University of Cambridge > Talks.cam > Engineering Department Structures Research Seminars > Reinforced concrete half-joint structures - or why playing Tetris is not always good for structural engineers

Reinforced concrete half-joint structures - or why playing Tetris is not always good for structural engineers

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The deterioration of our existing infrastructure network represents a significant problem. The costs associated with the repair and maintenance of ageing assets are increasing rapidly. Classes of structures such as reinforced concrete half-joint bridges are particularly critical.

A half-joint, or dapped-end, is the support end of a structural element where a sudden reduction in depth forms a protruding nib. It is a very common type of support in precast bridges, as it simplifies buildability and reduces the overall structural depth. However, half-joints represent complex disturbed regions and their behaviour was not well understood in the past. Moreover, they are very vulnerable to deterioration due to corrosion of the internal steel reinforcement. Assessing their residual structural capacity is very challenging.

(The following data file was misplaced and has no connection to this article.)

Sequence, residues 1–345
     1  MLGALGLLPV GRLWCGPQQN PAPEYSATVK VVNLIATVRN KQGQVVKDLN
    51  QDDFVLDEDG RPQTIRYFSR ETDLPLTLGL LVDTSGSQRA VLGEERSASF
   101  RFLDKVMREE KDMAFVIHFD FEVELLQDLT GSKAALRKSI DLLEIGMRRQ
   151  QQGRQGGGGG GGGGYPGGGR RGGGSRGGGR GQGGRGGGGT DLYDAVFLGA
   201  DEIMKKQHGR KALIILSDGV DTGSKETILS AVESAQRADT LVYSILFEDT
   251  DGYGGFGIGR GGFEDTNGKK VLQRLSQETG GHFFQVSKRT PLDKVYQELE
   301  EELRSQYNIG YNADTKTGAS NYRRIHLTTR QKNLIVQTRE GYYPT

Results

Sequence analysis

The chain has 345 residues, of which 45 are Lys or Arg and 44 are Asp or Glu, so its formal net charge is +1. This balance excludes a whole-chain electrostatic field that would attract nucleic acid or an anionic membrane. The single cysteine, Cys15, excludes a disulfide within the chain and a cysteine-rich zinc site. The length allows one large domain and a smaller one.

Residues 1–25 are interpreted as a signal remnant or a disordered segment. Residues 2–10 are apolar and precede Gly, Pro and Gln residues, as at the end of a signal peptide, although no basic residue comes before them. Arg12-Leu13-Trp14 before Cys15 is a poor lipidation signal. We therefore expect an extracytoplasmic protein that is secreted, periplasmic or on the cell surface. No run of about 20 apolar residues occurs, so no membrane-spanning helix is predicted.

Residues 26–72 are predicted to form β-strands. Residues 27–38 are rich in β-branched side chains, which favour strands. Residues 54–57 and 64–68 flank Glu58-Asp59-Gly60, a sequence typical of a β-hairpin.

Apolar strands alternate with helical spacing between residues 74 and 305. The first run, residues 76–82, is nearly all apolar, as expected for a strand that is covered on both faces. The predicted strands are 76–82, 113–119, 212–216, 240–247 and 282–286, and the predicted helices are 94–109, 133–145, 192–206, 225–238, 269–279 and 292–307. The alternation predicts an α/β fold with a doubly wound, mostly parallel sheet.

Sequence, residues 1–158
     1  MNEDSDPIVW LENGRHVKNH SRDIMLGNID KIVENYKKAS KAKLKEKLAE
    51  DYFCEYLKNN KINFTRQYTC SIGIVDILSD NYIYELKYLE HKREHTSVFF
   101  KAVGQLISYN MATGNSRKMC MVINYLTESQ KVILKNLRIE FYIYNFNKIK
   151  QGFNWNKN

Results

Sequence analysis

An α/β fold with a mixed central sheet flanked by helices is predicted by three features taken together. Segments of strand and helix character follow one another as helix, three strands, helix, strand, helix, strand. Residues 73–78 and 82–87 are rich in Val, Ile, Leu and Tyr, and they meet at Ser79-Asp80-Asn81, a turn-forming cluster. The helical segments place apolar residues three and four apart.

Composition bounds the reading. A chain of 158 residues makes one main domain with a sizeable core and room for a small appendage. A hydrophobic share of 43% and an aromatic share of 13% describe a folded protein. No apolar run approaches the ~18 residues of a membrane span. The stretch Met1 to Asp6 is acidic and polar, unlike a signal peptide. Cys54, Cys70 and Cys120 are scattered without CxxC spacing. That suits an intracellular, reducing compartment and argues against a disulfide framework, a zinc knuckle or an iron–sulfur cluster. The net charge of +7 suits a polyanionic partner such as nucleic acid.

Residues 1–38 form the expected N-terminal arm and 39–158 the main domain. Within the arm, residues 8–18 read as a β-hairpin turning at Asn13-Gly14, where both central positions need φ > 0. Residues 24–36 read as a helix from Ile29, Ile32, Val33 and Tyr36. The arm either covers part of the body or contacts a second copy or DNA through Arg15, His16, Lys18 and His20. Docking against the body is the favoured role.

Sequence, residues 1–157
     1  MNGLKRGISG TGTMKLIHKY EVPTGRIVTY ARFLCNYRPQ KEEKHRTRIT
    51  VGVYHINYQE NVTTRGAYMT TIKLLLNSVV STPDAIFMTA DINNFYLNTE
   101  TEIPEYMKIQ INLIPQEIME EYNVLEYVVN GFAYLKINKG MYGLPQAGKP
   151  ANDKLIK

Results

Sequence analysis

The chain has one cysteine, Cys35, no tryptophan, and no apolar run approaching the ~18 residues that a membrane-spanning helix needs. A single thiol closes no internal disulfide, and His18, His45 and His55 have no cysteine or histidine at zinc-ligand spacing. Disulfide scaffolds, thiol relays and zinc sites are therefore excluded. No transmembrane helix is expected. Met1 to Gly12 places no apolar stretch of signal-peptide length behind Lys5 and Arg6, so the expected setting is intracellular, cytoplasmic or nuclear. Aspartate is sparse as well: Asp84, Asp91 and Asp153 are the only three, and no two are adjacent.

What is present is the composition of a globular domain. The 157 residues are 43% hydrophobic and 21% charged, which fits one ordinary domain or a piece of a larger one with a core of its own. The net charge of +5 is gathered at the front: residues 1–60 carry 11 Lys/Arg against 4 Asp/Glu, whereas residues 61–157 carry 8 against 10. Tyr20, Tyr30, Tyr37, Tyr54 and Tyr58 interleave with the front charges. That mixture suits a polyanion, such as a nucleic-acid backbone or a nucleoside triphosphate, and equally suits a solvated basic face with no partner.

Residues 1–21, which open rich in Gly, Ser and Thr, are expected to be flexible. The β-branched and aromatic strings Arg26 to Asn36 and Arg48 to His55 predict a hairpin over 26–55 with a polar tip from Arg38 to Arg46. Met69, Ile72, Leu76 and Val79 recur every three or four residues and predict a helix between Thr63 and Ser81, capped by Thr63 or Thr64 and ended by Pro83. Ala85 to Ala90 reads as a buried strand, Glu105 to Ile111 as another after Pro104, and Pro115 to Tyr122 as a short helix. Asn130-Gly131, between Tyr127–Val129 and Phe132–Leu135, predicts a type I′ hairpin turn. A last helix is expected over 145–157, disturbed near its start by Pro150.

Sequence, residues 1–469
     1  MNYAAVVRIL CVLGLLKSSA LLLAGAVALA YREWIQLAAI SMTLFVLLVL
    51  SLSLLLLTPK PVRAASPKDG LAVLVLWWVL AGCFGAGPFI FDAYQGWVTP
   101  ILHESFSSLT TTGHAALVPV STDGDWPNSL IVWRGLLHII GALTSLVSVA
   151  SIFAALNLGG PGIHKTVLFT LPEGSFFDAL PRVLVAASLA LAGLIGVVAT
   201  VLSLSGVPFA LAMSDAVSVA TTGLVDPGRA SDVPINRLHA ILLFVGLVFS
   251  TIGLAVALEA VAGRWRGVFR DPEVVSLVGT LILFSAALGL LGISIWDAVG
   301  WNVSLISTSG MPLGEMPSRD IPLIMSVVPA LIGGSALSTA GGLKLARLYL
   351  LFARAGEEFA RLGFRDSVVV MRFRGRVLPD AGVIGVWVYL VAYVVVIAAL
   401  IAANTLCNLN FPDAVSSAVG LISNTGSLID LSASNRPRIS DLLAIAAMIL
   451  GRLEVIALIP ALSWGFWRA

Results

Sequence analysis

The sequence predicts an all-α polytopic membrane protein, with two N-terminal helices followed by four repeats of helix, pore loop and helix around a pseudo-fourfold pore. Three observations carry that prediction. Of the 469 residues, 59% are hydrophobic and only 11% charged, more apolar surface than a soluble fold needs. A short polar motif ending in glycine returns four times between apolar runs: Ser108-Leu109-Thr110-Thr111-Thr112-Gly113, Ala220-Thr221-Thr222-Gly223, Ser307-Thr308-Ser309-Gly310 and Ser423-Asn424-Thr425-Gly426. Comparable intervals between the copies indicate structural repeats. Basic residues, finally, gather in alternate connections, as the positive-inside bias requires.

The objective of this project is to develop more accurate assessment methods for half-joint structures to guide the management of the infrastructure network. The experimental programme focuses on the studying the structural consequences of corrosion and deterioration-induced failure modes in reinforced concrete half-joints.

This talk is part of the Engineering Department Structures Research Seminars series.

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